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dc.contributor.authorScherrer, P
dc.contributor.authorPickering, CM
dc.date.accessioned2017-05-03T13:21:03Z
dc.date.available2017-05-03T13:21:03Z
dc.date.issued2006
dc.date.modified2009-09-15T07:37:08Z
dc.identifier.issn1523-0430
dc.identifier.doi10.1657/1523-0430(2006)38[239:ROAHOA]2.0.CO;2
dc.identifier.urihttp://hdl.handle.net/10072/14484
dc.description.abstractHuman use of arctic and alpine environments can result in damage to the natural vegetation and soils. Restoration of the damage can have limited success due to the severity of the environment, which restricts plant germination and growth and increases the potential for soil erosion. In this study, we evaluated the success of restoration of a closed track in the alpine area around continental Australia's highest mountain, Mount Kosciuszko. Vegetation and soils along a 4 km walking track (that was closed and rehabilitated more than 15 yr ago) were compared with the adjacent undisturbed vegetation and soils. There was limited success in restoration with clear differences in soil nutrients, extent of vegetation cover, plant species composition, and height of vegetation between the track and adjacent natural vegetation sampled using 1 m2 quadrats. The study highlights the need for limiting disturbance in such environments, and for ongoing rehabilitation in areas that have been disturbed. It also indicates that when non-native species are used in rehabilitation, they may not necessarily be succeeded by natives, particularly if soil conditions do not return to a state similar to undisturbed areas.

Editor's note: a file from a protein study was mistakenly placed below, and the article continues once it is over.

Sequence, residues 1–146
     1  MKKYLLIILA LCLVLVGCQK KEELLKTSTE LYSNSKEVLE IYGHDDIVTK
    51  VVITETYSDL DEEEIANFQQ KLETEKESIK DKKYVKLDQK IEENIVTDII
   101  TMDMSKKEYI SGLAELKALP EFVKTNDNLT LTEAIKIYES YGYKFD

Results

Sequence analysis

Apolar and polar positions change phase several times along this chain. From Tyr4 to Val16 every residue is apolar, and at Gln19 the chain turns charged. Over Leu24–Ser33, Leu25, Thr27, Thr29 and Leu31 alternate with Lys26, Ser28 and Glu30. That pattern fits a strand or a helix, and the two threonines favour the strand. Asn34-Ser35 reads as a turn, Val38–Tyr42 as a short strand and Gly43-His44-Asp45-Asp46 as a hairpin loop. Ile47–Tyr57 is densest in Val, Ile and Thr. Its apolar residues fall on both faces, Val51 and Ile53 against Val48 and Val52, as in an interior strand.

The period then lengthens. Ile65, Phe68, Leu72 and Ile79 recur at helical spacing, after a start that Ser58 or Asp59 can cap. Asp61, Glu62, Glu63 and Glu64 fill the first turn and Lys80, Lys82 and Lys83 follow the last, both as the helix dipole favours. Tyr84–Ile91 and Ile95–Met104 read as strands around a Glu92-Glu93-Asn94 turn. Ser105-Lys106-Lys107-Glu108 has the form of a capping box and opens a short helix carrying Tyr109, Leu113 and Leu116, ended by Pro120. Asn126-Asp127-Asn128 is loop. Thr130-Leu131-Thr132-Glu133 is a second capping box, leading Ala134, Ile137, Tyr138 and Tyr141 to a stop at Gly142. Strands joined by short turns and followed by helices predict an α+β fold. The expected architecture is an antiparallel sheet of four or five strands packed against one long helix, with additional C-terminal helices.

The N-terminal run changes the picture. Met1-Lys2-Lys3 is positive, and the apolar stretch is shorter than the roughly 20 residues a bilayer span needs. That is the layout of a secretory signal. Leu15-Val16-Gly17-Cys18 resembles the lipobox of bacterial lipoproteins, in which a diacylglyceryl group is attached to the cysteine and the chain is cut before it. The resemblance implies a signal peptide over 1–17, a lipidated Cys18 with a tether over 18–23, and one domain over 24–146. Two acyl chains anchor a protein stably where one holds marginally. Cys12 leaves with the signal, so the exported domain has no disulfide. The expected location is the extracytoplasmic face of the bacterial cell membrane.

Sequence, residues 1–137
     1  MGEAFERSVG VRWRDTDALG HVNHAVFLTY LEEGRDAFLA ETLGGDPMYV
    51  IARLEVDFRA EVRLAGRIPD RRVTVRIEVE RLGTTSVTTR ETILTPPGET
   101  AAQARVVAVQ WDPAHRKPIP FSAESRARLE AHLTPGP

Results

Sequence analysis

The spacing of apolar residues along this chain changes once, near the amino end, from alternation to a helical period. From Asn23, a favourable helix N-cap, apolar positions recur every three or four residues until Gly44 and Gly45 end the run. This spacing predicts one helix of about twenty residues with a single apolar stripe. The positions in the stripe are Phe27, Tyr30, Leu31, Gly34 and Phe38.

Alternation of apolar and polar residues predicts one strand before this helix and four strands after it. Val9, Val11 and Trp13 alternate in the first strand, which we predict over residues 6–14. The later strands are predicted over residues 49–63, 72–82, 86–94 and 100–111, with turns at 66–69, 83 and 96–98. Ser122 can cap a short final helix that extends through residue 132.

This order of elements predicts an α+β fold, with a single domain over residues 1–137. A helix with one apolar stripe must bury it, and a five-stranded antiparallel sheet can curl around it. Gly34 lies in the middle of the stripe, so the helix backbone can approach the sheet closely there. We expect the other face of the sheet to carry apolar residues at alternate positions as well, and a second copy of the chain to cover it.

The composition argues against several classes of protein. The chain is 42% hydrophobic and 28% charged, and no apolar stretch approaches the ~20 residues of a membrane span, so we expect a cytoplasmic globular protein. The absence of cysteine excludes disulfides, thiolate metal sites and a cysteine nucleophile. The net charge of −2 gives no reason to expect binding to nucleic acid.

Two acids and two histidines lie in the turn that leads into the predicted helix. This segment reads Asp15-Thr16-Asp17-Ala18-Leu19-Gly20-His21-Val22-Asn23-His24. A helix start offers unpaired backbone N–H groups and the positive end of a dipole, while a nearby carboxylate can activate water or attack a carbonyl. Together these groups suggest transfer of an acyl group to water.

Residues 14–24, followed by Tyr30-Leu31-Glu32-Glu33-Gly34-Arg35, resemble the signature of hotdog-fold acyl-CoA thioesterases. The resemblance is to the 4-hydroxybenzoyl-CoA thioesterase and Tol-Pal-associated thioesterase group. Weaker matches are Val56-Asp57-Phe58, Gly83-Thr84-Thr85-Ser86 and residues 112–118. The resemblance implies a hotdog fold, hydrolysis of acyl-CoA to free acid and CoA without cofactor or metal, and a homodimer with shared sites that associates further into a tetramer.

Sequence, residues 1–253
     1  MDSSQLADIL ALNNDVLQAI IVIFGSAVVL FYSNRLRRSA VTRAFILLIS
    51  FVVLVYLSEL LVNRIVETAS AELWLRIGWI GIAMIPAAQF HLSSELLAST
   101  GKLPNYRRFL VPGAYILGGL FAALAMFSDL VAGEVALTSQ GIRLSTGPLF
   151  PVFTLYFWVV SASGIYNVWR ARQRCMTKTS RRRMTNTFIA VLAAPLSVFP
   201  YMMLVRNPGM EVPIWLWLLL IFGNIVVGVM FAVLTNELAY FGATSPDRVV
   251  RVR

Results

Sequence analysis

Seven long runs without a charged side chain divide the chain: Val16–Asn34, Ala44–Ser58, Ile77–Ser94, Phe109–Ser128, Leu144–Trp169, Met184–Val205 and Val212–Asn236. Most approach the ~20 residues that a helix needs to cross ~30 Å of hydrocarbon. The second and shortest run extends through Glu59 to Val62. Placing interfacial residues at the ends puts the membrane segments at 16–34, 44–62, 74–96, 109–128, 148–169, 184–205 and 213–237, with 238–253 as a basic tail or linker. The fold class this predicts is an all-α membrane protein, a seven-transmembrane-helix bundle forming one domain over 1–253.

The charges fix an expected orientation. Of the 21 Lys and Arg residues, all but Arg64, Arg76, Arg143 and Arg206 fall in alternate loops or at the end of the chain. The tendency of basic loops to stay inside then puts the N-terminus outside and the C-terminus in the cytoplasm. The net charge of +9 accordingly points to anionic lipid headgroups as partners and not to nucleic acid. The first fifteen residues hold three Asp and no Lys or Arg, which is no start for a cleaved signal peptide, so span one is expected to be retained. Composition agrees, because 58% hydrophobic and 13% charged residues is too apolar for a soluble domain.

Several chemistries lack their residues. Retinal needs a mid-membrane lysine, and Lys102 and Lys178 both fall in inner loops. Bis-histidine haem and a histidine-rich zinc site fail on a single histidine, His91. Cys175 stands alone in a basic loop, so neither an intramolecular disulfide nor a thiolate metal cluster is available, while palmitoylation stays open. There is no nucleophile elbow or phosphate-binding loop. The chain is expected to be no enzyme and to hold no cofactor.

dc.description.peerreviewedYes
dc.description.publicationstatusYes
dc.languageEnglish
dc.language.isoeng
dc.publisherInstitute of Arctic and Alpine Research, University of Colorado
dc.publisher.placeBoulder, USA
dc.publisher.urihttp://instaar.colorado.edu/AAAR/about_aaar/index.php
dc.relation.ispartofstudentpublicationN
dc.relation.ispartofpagefrom239
dc.relation.ispartofpageto248
dc.relation.ispartofjournalArctic, Antarctic and Alpine Research
dc.relation.ispartofvolume38
dc.rights.retentionY
dc.subject.fieldofresearchPhysical geography and environmental geoscience
dc.subject.fieldofresearchcode3709
dc.titleRecovery of Alpine Herbfield on a Closed Walking Track in the Kosciuszko Alpine Zone, Australia.
dc.typeJournal article
dc.type.descriptionC1 - Articles
dc.type.codeC - Journal Articles
gro.facultyGriffith Sciences, Griffith School of Environment
gro.date.issued2006
gro.hasfulltextNo Full Text
gro.griffith.authorScherrer, Pascal
gro.griffith.authorPickering, Catherine M.


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